Don’t fear the reaper

U-News Staff

The past few years have been good to Noah Lennox. Animal Collective’s lead singer, who takes the moniker Panda Bear, appeared on Daft Punk’s Grammy award-winning “Random Access Memories” and became a staple performer for music festivals. Yet as Lennox approaches mainstream fame, and his 40s, can he still make an album true to his experimental roots?

The answer is yes. “Panda Bear Meets the Grim Reaper,” released on Jan. 9, finds the sweet spot between white noise and bliss. Lennox’s psychedelic croons resonate over wonky and animated beats. Like someone changing the channels of an interdimensional TV, each track offers a different logic and vibe from the last, all buffered by radio static in between.

Nothing quite sounds like a Panda Bear album. His singing can range from perfect tenor Beach Boy moans to spacey Hare Krishna chants. While combining both might seem jarring, it’s a style of his own that he’s perfected over the years. Sacrificing the organic-sounding hymnals from previous albums for rough-edged electronic fuzz only pushed his binaural soundscape expertise further.

“Mr. Noah”

What could only be described as a dubbed-out, cosmic surf-rock anthem, the lead single hits its mark. Distorted synths and seal noises play under ’90s hip-hop drumkits while Lennox ecstatically climbs all over the vocal ladder. It sounds harsh at first, but its catchiness makes it become warm to the ears.

“Crosswords”

As “Mr. Noah” surges and gurgles into the next track, “Crosswords,” Lennox channels Brian Wilson over vocoded reggae rhythms. His classic call-and-response lyrical approach is complemented by ’50s pop music “oooohs,” creating a song that just feels right for whistling.

“Boys Latin”

I can only describe this song a as chamber choir stuck in a cave with Aphex Twin. Like a merry-go-round, Lennox’s voice joyously rises and falls in beat with a thump, snare, and IDM cymbal. He chants “Beasts don’t have a second to think/but we don’t appreciate our things,” echoing and sounding out every syllable until it’s almost unintelligible.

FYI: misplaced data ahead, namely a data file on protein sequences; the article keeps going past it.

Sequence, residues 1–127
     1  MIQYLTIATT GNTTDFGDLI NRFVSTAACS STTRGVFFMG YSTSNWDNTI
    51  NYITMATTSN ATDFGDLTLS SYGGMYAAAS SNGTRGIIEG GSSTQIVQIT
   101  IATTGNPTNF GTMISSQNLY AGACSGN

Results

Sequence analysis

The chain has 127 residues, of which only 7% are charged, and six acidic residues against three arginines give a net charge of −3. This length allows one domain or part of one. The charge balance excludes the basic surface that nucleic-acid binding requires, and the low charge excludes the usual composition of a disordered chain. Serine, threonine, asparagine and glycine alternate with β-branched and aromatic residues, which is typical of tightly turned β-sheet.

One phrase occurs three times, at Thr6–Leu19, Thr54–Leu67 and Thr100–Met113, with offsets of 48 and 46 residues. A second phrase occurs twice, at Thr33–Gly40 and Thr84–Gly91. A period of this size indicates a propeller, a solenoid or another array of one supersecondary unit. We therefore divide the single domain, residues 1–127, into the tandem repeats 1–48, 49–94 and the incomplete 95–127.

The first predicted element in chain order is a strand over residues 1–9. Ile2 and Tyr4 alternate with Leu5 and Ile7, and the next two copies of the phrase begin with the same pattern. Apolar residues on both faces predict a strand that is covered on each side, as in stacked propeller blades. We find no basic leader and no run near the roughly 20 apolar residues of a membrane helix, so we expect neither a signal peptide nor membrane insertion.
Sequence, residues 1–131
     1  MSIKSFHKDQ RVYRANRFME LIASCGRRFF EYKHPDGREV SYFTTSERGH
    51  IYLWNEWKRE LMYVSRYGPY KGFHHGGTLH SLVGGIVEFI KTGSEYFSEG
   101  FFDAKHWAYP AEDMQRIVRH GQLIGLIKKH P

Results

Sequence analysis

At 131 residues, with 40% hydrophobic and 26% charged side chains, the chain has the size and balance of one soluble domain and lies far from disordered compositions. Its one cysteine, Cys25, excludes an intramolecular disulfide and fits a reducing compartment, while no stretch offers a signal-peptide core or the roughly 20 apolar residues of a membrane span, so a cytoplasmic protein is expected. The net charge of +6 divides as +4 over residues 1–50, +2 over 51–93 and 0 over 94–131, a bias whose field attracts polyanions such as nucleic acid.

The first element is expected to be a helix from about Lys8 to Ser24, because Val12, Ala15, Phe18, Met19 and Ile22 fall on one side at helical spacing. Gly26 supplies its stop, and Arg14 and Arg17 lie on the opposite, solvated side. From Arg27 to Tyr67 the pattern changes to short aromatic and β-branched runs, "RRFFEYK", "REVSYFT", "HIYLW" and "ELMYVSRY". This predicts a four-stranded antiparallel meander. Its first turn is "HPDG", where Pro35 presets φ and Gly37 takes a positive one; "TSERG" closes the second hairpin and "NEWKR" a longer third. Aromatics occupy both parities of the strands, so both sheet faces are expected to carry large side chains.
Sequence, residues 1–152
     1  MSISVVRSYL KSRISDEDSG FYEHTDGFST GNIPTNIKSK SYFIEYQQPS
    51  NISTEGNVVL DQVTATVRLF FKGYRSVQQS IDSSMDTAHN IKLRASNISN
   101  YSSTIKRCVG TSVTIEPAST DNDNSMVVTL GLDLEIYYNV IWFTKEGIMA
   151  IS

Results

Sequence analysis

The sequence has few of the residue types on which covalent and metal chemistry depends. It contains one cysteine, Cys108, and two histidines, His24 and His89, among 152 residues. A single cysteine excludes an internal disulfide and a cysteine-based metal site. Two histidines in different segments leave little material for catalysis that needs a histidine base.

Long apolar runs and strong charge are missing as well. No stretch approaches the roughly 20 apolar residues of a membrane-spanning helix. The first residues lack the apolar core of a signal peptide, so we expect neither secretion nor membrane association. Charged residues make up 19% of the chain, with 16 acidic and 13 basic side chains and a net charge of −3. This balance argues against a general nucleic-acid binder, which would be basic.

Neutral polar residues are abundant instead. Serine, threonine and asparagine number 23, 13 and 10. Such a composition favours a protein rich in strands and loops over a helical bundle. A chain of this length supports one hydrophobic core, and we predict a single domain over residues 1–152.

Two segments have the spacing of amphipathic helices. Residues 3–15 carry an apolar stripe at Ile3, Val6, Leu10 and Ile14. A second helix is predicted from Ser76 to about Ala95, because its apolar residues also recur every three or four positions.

“Principe Real”

Panda Bear lays down the funk on this track. Sounding like a pedestrian clap-along disco, this track is left slightly off-beat and flourished with ambient blips and bleeps. Leading into the chorus, lower synth tones subtly blare over the drums, just long enough to suggest meditation. It’s an interesting effect that causes your head to complacently nod.

Other notable songs are his piano riddled “Lonely Wanderer” and “Tropic of Cancer,” a slow-dance tribute to his dead father. “Selfish Gene” stands out as an ’80s-synthed love tale that slowly builds in power toward an unreachable climax. This drum-less track brings Kraftwerk and leather jackets to mind.

“Panda Meets the Grim Reaper,” like many of Panda Bear’s works, takes a few listens to fully appreciate. With every listen comes more nuances to notice. In an interview with “Rolling Stone,” Lennox described his style as “when everything mixes in weird ways and you can’t tell what’s what. That’s when quasi-magical stuff starts to happen, when things start tricking my ear and my brain.” There’s plenty of that to find here.

His signature synesthetic sound remains uncontended on this album. Lennox might be settling down with a wife and two kids, but his creative youthfulness is still alive. A matured veteran of the Wham City freak-folk scene finally finds his niche between electronic exploration and nostalgic warmth.